Henry said more than one person at the conference had the virus and was passing it to others. Cases have been identified from that conference in other provinces across Canada. She said everybody who attended has been notified that they need to stay home. If she had her way, the conference would never have happened.

“It was at a time when I was advising that medical conferences, in particular, should not be held,” she said.

But a statement from the organizer, the B.C. Dental Association, said that the Provincial Health Services Agency was consulted more than a week before the event and Dr. David Patrick from the B.C. Centre for Disease Control was a speaker at the conference.

“At no time was the PDC asked by any public health representatives to halt the conference,” said the prepared statement attributed to president James Singer.

Henry, Health Minister Adrian Dix, Premier John Horgan and at least two deputy ministers attended a news conference on March 6 in the adjoining Pan Pacific Hotel, which shares doors, escalators, elevators and washrooms with the Vancouver Convention Centre at Canada Place. The Vancouver cabinet office is in the complex’s World Trade Centre.

Meanwhile, Prime Minister Justin Trudeau ordered that Canada’s borders be restricted to Canadian citizens, permanent residents, diplomats, flight crews and American citizens. Trudeau called upon Canadians to stay home. For those Canadians outside the country, he urged them to come home, before mass-cancellation of flights.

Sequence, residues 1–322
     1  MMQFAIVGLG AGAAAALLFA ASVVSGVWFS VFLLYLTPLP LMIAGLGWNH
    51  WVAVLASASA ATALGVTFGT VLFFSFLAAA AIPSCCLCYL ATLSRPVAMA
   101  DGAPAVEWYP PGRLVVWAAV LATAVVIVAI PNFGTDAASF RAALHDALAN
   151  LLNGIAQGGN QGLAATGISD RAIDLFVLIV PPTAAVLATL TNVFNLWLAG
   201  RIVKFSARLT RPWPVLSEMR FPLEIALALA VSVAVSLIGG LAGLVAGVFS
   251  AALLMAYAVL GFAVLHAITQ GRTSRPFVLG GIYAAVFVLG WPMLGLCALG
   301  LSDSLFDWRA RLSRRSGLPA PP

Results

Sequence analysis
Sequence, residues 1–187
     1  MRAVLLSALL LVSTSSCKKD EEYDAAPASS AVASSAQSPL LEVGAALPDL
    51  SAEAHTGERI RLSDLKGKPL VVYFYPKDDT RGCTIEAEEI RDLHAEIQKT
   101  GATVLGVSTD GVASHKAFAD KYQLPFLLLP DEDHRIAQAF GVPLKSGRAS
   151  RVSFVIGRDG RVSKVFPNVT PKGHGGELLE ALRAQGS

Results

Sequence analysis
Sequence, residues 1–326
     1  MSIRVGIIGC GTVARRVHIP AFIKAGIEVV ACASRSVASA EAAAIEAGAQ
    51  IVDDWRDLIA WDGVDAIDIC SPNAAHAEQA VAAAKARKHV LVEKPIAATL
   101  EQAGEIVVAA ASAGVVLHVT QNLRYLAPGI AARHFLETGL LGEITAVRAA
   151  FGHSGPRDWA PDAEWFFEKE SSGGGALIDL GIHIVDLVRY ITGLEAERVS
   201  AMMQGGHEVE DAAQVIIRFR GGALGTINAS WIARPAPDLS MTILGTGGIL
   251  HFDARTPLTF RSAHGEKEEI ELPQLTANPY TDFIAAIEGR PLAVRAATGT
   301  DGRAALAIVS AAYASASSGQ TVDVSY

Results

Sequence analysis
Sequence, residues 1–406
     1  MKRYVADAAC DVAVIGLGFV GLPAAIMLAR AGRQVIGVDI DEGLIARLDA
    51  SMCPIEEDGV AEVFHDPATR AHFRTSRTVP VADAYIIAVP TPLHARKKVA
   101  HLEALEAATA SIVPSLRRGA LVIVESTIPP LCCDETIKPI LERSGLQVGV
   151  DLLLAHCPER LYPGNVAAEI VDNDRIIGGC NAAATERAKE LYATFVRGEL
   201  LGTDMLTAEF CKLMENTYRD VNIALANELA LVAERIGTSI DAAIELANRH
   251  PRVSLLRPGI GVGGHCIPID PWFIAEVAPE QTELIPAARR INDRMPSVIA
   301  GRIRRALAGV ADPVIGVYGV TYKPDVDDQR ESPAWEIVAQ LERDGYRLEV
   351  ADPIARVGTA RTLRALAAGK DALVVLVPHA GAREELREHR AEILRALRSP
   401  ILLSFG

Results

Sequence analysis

Dix was disappointed border access was not restricted further.

“We remain concerned that access for visitors from the U.S. continues to be allowed, given the situation particularly in King and Snohomish county in Washington State, which affects B.C. more than anyone else,” Dix said. “It’s our strong view, and our strong message, that visitors from the U.S., don’t come.”

Coronavirus cases in Washington have exceeded the 900 mark, including 48 deaths. 

Laurie Trautman, director of the Border Policy Research Institute at Western Washington University in Bellingham, said southbound car volume at the border dropped 33% in the first half of March, on a year-over-year basis.

Canada and the U.S. do about $1 billion a day in cross-border trade. U.S. government figures for 2019 show 3.9 million vehicles crossed at Blaine carrying 7.7 million passengers. Nearly 370,000 trucks and 303,000 full containers also crossed the 49th parallel.

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Bob Mackin Imagine being the mayor of a

After the World Health Organization declared the coronavirus from Wuhan, China, a global pandemic, came the cavalcade of cancellations and the pandemic of postponements. A desperate effort to curtail public events, to stop the spread of the disease.

It means the biggest time out in sports history.

Sports economist Victor Matheson in Vancouver, June 28, 2018 (Mackin) Podcast called upon Victor Matheson, a professor at the College of the Holy Cross in Worcester, Mass. who is one of the world’s top experts on the economics of sports and mega-events. His research has found spectator sports deliver less to the economy than boosters claim, because of what is called the substitution effect.